In this denunciation by the prophet we see that he mingled in political affairs, and opposed the alliance which Judah made with Egypt, which ever proved a broken reed. Egypt was a vain support against the new power that was rising on the Euphrates, carrying all before it, even to the destruction of Nineveh, and was threatening Damascus and Tyre as well as Jerusalem. The power which Judah had now to fear was Babylon, not Assyria. If any alliance was to be formed, it was better to conciliate Babylon than Egypt.
Roused by the earnest eloquence of Jeremiah, and of those of the group of earnest followers of Jehovah who stood with him, — Huldah the prophetess, Shallum her husband, keeper of the royal wardrobe, Hilkiah the high-priest, and Shaphan the scribe, or secretary, — the youthful king Josiah, in the eighteenth year of his reign, when he was himself but twenty
six years old, set about reforms, which the nobles and priests bitterly opposed. Idolatry had been the fashionable religion for nearly seventy years, and the Law was nearly forgotten. The corruption of the priesthood and of the great body of the prophets kept pace with the degeneracy of the people. The Temple was dilapidated, and its gold and bronze decorations had been despoiled. The king undertook a thorough repair of the great Sanctuary, and during its progress a discovery was made by the high-priest Hilkiah of a copy of the Law, hidden amid the rubbish of one of the cells or chambers of the Temple. It is generally supposed to have been the Book of Deuteronomy. When it was lost, and how, it is not easy to ascertain, — probably during the reign of some one of the idolatrous kings. It seems to have been entirely forgotten, - a proof of the general apostasy of the nation. But the discovery of the book was hailed by Josiah as a very important event; and its effect was to give a renewed impetus to his reforms, and a renewed study of patriarchal history. He forth with assembled the leading men of the nation, — prophets, priests, Levites, nobles, and heads of tribes. He read to them the details of the ancient covenant, and solemnly declared his purpose to keep the commandments and statutes of Jehovah as laid down in the precious book. The assembled elders and priests gave their eager concurrence to the act of the king, and Judah once more, outwardly at least, became the people of God.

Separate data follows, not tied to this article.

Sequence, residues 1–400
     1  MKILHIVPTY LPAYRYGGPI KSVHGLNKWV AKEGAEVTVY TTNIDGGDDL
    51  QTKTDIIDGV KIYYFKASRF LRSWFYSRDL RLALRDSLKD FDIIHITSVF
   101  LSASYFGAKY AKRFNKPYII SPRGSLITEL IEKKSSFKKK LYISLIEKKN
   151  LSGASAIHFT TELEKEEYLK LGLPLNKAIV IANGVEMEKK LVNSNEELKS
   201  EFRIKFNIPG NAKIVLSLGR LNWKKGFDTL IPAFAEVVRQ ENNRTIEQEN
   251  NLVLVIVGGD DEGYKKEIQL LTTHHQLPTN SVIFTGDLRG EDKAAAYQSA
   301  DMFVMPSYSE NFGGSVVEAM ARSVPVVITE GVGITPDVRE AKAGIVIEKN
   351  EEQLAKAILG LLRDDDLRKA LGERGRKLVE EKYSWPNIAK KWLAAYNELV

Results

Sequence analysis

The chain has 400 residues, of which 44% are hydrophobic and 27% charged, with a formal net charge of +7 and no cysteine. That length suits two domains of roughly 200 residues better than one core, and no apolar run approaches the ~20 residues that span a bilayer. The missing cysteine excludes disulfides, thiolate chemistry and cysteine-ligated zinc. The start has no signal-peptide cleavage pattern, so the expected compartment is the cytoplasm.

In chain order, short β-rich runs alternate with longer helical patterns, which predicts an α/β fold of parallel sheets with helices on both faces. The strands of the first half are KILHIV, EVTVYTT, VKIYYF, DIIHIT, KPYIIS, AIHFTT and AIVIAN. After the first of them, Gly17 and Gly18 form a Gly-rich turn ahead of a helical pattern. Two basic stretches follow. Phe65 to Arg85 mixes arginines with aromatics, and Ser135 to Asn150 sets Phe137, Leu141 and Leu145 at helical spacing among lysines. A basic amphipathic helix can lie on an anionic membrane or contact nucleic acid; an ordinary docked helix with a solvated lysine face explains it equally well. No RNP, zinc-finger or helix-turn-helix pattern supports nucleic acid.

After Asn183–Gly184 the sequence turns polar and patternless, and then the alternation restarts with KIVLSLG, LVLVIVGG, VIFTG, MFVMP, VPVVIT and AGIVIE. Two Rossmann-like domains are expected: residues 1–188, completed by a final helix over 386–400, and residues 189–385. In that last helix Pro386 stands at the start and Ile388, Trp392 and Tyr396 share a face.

Nor can it be questioned that the renewed study of the Law, as brought about by Josiah, produced a great influence on the future of the Hebrew nation, especially in the renunciation of idolatry. Yet this reform, great as it was, did not prevent the fall of Jerusalem and the exile of the leading people among the Hebrews to the land of the Chaldeans, whence Abraham their great progenitor had emigrated.
Josiah, who was thoroughly aroused by “the words of the book," and its denunciations of the wrath of Jehovah upon the people if they should forsake his ways, in spite of the secret opposition of the nobles and priests, zealously pursued the work of reform. The “high places," on which were heathen altars, were levelled with the ground; the images of the gods were overthrown; the Temple was purified, and the abominations which had disgraced it were removed. His reforms extended even to the scattered population of Samaria whom the Assyrians had spared, and all the buildings connected with the worship of Baal and Astaroth at Bethel were destroyed. Their very stones were broken in pieces, under the eyes of Josiah himself. The skeletons of the pagan priests were dragged from their burial places and burned.